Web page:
Typelevel Scala and the future of the Scala ecosystem

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Typelevel Scala and the future of the Scala ecosystem

Simon Ochsenreither-3

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Re: Typelevel Scala and the future of the Scala ecosystem

Ruslan Shevchenko-2
It's depends from policy.  If will exists clear policy for adding and maintaining external language extensions in community-supported compiler, which will actually work [unlike existing SIP process], that this will be  good for both commercial and non-commercial ecosystems.

Potential problems:  diversion.  (are 'co-scala' and 'scala'  will be the same language ?)  and resource constraints (which will depend from popularity of 'co-scala') 


On Tuesday, September 2, 2014 7:23:55 PM UTC+3, Simon Ochsenreither wrote:
<a href="http://typelevel.org/blog/2014/09/02/typelevel-scala.html" target="_blank" onmousedown="this.href='http://www.google.com/url?q\75http%3A%2F%2Ftypelevel.org%2Fblog%2F2014%2F09%2F02%2Ftypelevel-scala.html\46sa\75D\46sntz\0751\46usg\75AFQjCNFQygtPHhEC15Fd8O5yJW4agGu7eQ';return true;" onclick="this.href='http://www.google.com/url?q\75http%3A%2F%2Ftypelevel.org%2Fblog%2F2014%2F09%2F02%2Ftypelevel-scala.html\46sa\75D\46sntz\0751\46usg\75AFQjCNFQygtPHhEC15Fd8O5yJW4agGu7eQ';return true;">http://typelevel.org/blog/2014/09/02/typelevel-scala.html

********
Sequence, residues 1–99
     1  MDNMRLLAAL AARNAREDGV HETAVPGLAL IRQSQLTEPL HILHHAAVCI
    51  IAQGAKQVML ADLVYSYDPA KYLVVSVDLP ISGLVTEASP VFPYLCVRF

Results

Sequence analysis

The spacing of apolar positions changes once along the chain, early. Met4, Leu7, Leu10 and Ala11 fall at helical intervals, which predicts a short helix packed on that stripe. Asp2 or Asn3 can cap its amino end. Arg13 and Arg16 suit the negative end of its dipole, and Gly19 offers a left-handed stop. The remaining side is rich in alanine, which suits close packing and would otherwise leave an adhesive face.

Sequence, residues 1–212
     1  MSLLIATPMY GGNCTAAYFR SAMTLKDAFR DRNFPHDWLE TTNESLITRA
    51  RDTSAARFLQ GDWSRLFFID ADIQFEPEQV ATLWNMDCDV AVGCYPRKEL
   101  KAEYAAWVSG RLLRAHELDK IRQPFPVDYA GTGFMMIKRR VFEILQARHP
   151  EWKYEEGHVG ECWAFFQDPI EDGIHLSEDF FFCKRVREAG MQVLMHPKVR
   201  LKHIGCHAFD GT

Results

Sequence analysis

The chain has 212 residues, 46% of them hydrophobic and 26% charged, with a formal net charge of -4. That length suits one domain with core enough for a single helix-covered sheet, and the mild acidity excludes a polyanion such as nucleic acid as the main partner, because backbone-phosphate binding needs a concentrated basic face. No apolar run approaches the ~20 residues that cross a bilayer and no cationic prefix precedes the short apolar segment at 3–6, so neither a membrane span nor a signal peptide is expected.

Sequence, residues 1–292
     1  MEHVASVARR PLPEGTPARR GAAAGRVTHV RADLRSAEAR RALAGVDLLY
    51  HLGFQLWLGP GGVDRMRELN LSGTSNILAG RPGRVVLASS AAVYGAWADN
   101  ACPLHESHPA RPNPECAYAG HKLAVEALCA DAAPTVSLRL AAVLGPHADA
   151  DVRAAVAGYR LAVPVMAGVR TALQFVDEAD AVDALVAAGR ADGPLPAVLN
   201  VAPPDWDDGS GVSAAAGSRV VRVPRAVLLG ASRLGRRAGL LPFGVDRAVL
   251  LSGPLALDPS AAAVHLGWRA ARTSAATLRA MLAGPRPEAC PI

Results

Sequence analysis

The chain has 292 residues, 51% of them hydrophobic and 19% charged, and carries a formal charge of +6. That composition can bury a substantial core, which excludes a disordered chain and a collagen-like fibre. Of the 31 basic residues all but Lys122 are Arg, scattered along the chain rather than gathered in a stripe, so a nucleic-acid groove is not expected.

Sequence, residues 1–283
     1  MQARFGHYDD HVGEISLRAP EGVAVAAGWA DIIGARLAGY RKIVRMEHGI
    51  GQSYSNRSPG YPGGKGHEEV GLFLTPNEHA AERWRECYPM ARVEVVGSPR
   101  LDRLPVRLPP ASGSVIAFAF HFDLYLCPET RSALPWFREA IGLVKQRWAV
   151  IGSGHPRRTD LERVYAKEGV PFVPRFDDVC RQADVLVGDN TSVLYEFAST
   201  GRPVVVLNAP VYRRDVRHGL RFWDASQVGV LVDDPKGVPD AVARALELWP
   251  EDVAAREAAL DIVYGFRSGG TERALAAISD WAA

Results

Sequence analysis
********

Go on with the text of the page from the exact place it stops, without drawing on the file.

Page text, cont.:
Opinions?

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Re: Typelevel Scala and the future of the Scala ecosystem

Daniel Armak
Before language diversion, consider binary compatibility. It's both hard and limiting to add compiler features and still guarantee binary compatibility of the artifacts. But if you don't, then people using the community compiler won't be able to use all the scala library artifacts published on maven. Later on, as the new compiler becomes more popular, library writers will feel extra pressure to publish another set of artifacts for the community compiler. 

It's bad enough when I have to cross compile, test and publish with scala 2.10 and 2.11 X akka 2.2 and 2.3. I use lots of libraries and a single one (reactivemongo) has no published akka 2.3 build and so I have to build it myself. Maven Central publishes source artifacts, but I can't use sbt to automatically pull and compile them, because the customizable build procedure itself is not published (e.g. some projects need a compiler plugin).

If the set of widely used compilers (and compiler versions, plugins, etc.) is going to grow a lot, it would be great to have a better story for automatically pulling and building published source artifacts.

-- 
Daniel Armak


On Tue, Sep 2, 2014 at 9:07 PM, Ruslan Shevchenko <[hidden email]> wrote:
It's depends from policy.  If will exists clear policy for adding and maintaining external language extensions in community-supported compiler, which will actually work [unlike existing SIP process], that this will be  good for both commercial and non-commercial ecosystems.

Potential problems:  diversion.  (are 'co-scala' and 'scala'  will be the same language ?)  and resource constraints (which will depend from popularity of 'co-scala') 


On Tuesday, September 2, 2014 7:23:55 PM UTC+3, Simon Ochsenreither wrote:

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Re: Typelevel Scala and the future of the Scala ecosystem

Paul Hudson
Before language diversion, consider binary compatibility.

They have. Quoting from the page:

  • That we underestimate the difficulty of maintaining binary and/or merge compatibility.